Next Shuttle Launch Delayed Until March 2006
WASHINGTON — NASA will delay the next launch of a space shuttle until March 2006 in part because more time is needed to fix a problem with foam flying off the external fuel tank, space agency officials said on Thursday.
“From an overall standpoint we think really March 4th is the time frame we are looking at,” Bill Gerstenmaier, NASA’s associate administrator for Space Operations, told a news conference.
NASA made the announcement a day after a report on its response to safety recommendations made after the 2003 Columbia disaster said some of the problems still existed.
The shuttle Columbia was torn apart when it re-entered Earth’s atmosphere on February 1, 2003, after a piece of foam insulation fell off its tank during launch and damaged its wing. All seven of Columbia’s crewmembers were killed.
Gerstenmaier said the agency was still trying to determine why a large piece of foam broke off the shuttle Discovery’s fuel tank during launch last month.
The Discovery returned to earth safely after 14 days in orbit but NASA is working to make repairs to ensure that the problem does not happen again.
“Last week we identified the major areas where foam came off the tank. We are starting to make some sense of the data … what the mechanism for the foam loss was,” Gerstenmaier said.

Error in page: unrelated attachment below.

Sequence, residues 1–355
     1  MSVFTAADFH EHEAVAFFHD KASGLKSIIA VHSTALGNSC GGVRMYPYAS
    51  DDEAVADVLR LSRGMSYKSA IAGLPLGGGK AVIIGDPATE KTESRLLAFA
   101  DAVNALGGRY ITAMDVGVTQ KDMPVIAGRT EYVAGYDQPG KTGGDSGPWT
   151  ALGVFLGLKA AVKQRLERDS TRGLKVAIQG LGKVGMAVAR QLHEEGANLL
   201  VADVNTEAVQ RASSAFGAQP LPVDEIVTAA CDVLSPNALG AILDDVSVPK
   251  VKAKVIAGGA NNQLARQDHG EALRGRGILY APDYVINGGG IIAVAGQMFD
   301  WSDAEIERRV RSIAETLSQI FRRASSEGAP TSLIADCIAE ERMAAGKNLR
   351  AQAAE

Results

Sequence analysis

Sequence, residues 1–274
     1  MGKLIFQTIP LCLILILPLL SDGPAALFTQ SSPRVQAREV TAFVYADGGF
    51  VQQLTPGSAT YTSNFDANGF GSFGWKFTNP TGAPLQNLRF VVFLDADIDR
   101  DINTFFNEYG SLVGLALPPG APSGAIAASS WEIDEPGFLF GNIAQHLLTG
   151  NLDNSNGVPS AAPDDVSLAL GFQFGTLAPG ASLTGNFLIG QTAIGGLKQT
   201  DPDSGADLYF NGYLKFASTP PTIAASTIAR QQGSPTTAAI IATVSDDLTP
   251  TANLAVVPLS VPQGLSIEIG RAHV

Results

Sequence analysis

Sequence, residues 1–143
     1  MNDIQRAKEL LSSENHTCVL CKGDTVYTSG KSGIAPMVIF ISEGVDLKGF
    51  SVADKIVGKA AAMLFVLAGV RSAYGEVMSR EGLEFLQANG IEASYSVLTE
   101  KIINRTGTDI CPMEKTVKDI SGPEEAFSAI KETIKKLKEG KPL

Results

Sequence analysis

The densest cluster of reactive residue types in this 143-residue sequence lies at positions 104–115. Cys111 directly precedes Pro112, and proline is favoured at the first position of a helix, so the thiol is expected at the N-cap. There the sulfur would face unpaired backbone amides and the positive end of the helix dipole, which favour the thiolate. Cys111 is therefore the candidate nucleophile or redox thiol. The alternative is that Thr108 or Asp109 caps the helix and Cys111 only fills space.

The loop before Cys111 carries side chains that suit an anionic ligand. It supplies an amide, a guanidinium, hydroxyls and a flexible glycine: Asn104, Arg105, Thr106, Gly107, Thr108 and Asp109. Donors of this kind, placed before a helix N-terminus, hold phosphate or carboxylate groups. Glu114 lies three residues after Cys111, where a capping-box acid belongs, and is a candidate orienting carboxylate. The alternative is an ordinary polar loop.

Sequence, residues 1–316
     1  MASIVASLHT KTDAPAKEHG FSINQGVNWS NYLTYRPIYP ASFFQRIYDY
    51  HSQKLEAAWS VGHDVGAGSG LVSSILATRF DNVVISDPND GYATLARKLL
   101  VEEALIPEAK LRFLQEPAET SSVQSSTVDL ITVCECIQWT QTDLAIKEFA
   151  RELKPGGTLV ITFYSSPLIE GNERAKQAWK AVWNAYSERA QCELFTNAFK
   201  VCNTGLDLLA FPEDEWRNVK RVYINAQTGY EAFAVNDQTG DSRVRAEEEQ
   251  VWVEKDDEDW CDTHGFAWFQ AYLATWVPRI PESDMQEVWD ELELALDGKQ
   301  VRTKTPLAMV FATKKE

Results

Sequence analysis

The delay will also allow a more efficient use of the shuttles Atlantis and Discovery in servicing the International Space Station, said Gerstenmaier, newly appointed to direct NASA’s return to human space flight.
Atlantis was scheduled to be the next vehicle to fly, but would have had to make back-to-back missions to carry a heavy truss to the station. Now it can alternate with Discovery, Gerstenmaier said.
CHANGING THE GAME
NASA Administrator Michael Griffin said the space agency was not aiming for a specific number of flights.
“We are working toward an expeditious but orderly retirement of the shuttle system over the next five years. We are going to use the shuttle system between now and then to assemble the space station,” he told the news conference.
During Discovery’s mission, Gerstenmaier said the outpost has enough food, water and other critical supplies to last through the end of the year.
Russia will continue to fly cargo and crews to the station, although only the shuttle can carry the big pieces needed to finish it.
Griffin said NASA made a big mistake in not looking at the foam issue sooner.
“We in NASA didn’t look in detail at foam shedding from the tank for 113 flights and shame on us,” Griffin said.
“Absolutely everyone in and out of NASA learned a lesson, I hope, from that.”
The loss of a chunk of foam during Discovery’s launch was “embarrassing,” Griffin said.
Griffin said he had authorized the inclusion of the critical minority comments in the oversight report.
“Because frankly I think as NASA we do a disservice to ourselves and to our stakeholders, and frankly to taxpayers, by creating an appearance that we do not wish to hear what people have to say if it should be negative,” he said.
NASA said Discovery will begin its flight back to its home port, the Kennedy Space Center, on Friday atop a modified Boeing 747 aircraft. The shuttle has been at Edwards Air Force Base in California since returning from its mission last week.
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